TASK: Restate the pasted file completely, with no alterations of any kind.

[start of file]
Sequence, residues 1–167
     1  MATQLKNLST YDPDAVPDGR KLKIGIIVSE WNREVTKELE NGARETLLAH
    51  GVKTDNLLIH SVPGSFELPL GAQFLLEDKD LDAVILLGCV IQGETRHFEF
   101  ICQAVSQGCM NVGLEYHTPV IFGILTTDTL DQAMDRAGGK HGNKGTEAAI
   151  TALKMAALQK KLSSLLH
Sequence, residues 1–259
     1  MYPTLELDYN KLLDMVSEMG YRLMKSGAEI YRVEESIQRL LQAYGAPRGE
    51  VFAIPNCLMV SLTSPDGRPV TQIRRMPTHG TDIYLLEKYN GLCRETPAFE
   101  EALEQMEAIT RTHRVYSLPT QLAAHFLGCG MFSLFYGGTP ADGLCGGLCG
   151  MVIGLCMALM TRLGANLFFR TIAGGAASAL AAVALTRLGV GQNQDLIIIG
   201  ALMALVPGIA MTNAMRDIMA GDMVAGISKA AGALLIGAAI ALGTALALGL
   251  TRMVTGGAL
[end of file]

Sequence, residues 1–167
     1  MATQLKNLST YDPDAVPDGR KLKIGIIVSE WNREVTKELE NGARETLLAH
    51  GVKTDNLLIH SVPGSFELPL GAQFLLEDKD LDAVILLGCV IQGETRHFEF
   101  ICQAVSQGCM NVGLEYHTPV IFGILTTDTL DQAMDRAGGK HGNKGTEAAI
   151  TALKMAALQK KLSSLLH
Sequence, residues 1–259
     1  MYPTLELDYN KLLDMVSEMG YRLMKSGAEI YRVEESIQRL LQAYGAPRGE
    51  VFAIPNCLMV SLTSPDGRPV TQIRRMPTHG TDIYLLEKYN GLCRETPAFE
   101  EALEQMEAIT RTHRVYSLPT QLAAHFLGCG MFSLFYGGTP ADGLCGGLCG
   151  MVIGLCMALM TRLGANLFFR TIAGGAASAL AAVALTRLGV GQNQDLIIIG
   201  ALMALVPGIA MTNAMRDIMA GDMVAGISKA AGALLIGAAI ALGTALALGL
   251  TRMVTGGAL